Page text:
The ghosts of Anfield 2019 continue to haunt Barcelona, souring the successes, amplifying the failures, and driving the club into crisis despite the fact that they are top of La Liga.
Pep Guardiola was right when he said on Sunday: 'It's a special club where winning the league is not enough.' Guardiola won the Champions League twice in his four seasons, and Frank Rijkaard before him and Luis Enrique after him also reached the summit of European club football.
Ernesto Valverde has failed to come close and that is why, despite being top of the league, he is going, going, and quite possible gone before the end of Monday.
He fell short in 2018 when Barcelona were beaten 3-0 by Roma and knocked out of the Champions League.
His mission was to fix the problems and make sure it never happened again but 13 months later he was sat in the Anfield press room wearing a forlorn look on his face and saying: 'The most painful thing is to repeat [the mistake] of a year ago.'
Barcelona's capitulation against Liverpool in last season's semi-finals left the club on its knees and no one more so than Lionel Messi, who had scored twice in the first leg but was to be denied the final he craved and had publicly all but promised supporters at the start of the season.
When Barcelona failed to hold a 2-1 lead against Atletico Madrid in the Spanish Super Cup last Thursday, there were flashbacks to the defeat at Liverpool. Again there was an ineptitude that Valverde could do nothing about.
Behind the shameless pursuit of his successor - while he continues to put the cones out at the club's training ground - are a myriad of problems but the biggest is the fear that even though the team are top of La Liga, as soon as another Liverpool come along they will steamroller Valverde's team just as Jurgen Klopp's side did.
The signs have been there in Barcelona's shaky away record this season – they have only won four of their 10 away matches with three draws and three defeats.
The criticism of Valverde centres on a perceived over-reliance on Luis Suarez and Messi that has left him reluctant to take them off in games or find alternatives so they can rest and save themselves for big matches.
That reluctance was there for all to see in the Catalan derby at the start of the month. Barcelona were defending a 2-1 lead with 10 men against Espanyol. He kept both on the pitch and played out the remaining minutes with a 4-3-2 formation.
A stronger coach would have taken one of them off and defended the lead with a 4-4-1 but Valverde almost never takes Messi and Suarez off. Barcelona conceded late on – two more points dropped.
His failure to manage the pair's final years in the way that Zinedine Zidane managed Cristiano Ronaldo's last season at Real Madrid, leaves him open to criticism.
Suarez is now out for four months with a knee injury. Valverde could argue that one of his reasons not to rest the club's second leading scorer is that – despite the money invested over the last three years - there is a lack of alternatives.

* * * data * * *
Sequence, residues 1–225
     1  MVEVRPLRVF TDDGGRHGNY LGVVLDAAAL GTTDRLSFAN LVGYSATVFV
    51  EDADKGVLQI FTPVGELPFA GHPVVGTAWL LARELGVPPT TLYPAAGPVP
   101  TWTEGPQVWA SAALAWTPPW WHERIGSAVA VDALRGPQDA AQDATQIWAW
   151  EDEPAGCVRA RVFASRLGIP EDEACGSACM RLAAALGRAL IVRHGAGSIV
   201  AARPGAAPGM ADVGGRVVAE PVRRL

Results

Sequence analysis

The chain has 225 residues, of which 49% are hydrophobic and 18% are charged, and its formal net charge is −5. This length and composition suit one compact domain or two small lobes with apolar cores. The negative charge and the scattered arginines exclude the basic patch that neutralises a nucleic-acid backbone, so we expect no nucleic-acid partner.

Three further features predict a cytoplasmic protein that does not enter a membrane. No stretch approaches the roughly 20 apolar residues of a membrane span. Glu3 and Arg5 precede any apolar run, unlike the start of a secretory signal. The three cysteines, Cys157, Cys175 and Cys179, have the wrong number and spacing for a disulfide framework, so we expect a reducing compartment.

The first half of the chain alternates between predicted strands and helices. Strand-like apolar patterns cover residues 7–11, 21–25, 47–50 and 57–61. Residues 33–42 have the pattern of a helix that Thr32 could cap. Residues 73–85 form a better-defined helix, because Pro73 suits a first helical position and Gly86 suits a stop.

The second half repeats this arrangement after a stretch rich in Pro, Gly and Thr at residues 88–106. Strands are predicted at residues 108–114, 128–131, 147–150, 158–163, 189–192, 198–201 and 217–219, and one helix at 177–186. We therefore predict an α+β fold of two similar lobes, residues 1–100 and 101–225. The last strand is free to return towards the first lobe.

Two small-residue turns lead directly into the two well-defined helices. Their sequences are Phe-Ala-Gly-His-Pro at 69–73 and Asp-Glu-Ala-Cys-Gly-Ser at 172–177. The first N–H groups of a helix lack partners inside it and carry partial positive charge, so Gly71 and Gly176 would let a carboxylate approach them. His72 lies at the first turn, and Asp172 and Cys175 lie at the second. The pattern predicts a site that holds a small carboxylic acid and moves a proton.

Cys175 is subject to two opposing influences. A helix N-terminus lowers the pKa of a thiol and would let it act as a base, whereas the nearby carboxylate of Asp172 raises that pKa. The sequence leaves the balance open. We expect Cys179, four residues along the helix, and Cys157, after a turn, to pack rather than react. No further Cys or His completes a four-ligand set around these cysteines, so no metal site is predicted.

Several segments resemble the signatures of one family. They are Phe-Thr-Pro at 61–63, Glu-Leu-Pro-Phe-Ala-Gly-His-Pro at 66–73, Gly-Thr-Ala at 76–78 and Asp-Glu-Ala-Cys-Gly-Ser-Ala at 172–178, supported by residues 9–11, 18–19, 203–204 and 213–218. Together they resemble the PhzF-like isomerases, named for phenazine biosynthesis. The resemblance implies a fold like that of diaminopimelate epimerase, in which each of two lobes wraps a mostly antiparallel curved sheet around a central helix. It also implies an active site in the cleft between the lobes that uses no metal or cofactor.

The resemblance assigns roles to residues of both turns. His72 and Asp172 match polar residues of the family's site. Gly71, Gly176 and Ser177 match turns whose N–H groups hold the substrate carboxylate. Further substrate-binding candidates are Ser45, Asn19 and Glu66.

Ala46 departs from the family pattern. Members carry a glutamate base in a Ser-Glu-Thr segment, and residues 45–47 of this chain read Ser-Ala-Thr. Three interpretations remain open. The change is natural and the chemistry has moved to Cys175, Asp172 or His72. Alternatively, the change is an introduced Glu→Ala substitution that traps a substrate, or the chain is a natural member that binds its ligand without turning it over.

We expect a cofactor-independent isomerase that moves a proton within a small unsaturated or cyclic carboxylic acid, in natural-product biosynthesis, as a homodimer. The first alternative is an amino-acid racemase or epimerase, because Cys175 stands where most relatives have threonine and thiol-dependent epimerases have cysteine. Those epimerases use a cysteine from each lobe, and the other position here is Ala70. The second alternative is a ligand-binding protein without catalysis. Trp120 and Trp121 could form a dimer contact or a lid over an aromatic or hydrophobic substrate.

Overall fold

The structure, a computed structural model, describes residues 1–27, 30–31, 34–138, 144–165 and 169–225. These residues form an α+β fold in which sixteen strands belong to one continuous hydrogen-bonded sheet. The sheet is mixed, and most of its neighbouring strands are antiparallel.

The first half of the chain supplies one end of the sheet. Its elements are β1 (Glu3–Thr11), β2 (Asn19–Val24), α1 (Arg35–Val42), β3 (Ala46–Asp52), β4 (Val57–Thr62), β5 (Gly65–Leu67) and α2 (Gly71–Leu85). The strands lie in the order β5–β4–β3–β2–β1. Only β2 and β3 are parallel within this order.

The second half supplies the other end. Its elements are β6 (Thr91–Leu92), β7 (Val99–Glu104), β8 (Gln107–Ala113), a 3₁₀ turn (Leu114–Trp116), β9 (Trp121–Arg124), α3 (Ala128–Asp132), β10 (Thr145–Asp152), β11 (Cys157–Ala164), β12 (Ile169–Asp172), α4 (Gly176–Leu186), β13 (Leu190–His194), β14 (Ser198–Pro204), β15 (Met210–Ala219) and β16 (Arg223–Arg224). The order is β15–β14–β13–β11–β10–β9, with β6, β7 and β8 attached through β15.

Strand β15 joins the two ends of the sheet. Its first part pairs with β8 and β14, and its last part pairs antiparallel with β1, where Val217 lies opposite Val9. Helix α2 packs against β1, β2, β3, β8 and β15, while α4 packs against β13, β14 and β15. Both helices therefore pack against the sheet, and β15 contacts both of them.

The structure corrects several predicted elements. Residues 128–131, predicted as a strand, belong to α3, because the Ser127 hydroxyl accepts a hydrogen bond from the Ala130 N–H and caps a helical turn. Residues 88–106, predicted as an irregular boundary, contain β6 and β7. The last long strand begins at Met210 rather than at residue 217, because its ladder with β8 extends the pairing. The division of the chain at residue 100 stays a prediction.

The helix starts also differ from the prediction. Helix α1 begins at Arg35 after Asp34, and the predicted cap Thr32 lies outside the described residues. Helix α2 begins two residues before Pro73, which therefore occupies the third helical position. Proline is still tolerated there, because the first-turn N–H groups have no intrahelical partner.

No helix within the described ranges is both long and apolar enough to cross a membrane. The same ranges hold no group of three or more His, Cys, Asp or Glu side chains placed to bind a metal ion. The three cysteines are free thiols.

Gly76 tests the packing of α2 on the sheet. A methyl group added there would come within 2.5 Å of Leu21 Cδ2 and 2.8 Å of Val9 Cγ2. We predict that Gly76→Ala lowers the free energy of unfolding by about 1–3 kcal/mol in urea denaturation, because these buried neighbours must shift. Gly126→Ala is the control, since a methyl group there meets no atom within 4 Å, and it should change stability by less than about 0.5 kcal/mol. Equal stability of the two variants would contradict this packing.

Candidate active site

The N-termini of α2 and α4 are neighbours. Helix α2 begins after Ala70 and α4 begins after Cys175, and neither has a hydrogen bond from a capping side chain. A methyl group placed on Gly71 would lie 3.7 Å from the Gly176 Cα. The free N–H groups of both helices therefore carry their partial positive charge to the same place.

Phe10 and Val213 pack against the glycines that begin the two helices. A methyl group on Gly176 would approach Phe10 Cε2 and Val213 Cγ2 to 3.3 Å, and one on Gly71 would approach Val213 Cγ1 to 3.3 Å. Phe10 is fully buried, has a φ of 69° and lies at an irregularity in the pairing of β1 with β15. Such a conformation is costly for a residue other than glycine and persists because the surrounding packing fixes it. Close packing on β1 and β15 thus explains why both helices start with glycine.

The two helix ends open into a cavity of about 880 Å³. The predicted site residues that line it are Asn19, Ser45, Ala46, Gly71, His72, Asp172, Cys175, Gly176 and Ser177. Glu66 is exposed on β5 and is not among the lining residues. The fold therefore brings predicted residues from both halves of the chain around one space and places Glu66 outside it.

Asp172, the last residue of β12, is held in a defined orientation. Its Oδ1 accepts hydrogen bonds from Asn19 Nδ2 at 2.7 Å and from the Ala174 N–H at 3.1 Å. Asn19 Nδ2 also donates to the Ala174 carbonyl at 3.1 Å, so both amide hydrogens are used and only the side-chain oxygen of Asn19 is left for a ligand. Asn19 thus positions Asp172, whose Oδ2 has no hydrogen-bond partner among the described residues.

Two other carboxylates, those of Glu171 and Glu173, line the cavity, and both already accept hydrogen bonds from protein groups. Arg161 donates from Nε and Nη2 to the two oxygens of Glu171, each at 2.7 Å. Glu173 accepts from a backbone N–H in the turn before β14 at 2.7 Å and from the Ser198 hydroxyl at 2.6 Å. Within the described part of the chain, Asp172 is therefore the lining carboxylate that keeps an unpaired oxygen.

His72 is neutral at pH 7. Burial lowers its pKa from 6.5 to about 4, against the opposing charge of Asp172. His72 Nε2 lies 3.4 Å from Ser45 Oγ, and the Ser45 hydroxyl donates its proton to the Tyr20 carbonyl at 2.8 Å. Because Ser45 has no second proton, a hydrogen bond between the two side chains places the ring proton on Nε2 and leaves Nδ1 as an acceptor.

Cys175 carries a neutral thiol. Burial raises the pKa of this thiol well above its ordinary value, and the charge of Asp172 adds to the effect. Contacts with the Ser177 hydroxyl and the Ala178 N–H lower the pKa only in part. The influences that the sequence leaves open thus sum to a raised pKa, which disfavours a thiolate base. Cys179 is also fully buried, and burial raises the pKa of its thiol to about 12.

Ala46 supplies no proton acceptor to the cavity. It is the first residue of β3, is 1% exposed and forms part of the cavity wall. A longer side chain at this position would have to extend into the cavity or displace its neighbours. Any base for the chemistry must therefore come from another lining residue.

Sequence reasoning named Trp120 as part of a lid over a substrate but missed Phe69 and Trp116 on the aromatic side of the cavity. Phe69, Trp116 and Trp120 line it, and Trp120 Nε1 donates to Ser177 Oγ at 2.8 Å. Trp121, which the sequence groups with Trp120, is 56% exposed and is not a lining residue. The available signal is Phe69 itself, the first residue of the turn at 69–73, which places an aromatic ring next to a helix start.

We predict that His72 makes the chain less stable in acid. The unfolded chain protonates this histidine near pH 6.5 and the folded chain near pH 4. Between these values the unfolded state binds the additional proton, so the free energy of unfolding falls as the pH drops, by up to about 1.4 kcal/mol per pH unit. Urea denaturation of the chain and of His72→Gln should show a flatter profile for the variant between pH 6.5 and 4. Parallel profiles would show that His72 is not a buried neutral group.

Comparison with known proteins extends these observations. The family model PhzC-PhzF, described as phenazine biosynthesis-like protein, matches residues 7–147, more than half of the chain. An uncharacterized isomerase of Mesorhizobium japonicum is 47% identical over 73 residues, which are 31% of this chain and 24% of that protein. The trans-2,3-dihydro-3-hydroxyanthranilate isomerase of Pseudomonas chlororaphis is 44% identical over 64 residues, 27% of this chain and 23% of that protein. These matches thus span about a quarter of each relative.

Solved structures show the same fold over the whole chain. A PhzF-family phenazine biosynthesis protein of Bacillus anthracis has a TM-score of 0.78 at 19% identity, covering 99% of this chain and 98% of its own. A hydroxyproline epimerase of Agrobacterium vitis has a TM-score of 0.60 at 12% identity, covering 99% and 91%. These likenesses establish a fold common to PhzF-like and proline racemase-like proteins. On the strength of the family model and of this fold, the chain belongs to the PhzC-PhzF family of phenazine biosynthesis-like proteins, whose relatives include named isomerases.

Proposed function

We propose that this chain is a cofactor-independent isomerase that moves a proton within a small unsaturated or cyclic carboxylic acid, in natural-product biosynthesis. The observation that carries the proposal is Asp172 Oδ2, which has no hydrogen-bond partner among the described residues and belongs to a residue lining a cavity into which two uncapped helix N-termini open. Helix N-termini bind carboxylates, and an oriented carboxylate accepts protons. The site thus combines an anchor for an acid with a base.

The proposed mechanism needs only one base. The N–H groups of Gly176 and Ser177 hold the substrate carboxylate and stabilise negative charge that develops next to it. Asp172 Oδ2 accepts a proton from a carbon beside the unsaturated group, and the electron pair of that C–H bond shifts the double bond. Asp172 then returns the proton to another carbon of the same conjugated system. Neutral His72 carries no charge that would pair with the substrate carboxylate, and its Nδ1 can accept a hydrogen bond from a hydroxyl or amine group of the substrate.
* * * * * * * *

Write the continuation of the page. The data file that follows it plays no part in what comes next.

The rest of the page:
Antoine Griezmann is not happy playing in Suarez's No 9 position and Ousmane Demebele, who could be asked to come in as a goalscoring winger with Messi returning to a 'false nine' position, remains injured.
Over £300million was spent on Griezmann, Demebele, and Philippe Coutinho, who is on loan at Bayern Munich, but the return has been poor.
In midfield Barcelona have similar problems. Sergio Busquets is coming to the end of an extraordinary career but, like Suarez, when rested to save him for the more important games he is hugely missed.
Frenkie de Jong looks the club's best signing since Ivan Rakitic, Suarez and Marc-Andre ter Stegen were brought in the summer of 2014.
But De Jong, for the moment, is better alongside Busquets than playing in his place where more positional discipline is essential.
Off the pitch Barcelona are also reaching the end of an era. Bartomeu must give up the presidency next year and the candidates are slowing taking up positions.
One of those is Victor Font, who plans to offer Xavi Hernandez as 'his coach' if he wins the election. Part of the grab for Xavi at the weekend was designed to ruin that plan. Font described it as a 'lamentable episode'.
Beyond the justifiable doubts over Valverde's Champions League credentials, there is a sense that his public humiliation by his board was not the first 'lamentable episode' in recent history.
The very public, and doomed to fail, attempts at bringing back Neymar were also undignified for a club of Barca's size.
This most recent mess leaves the club in an awkward situation: there is a coach who lacks authority; if he stays after the public attempts to replace him he will have even less authority; and if he is replaced by a caretaker manager then the new man will carry even less weight than the coach he has replaced.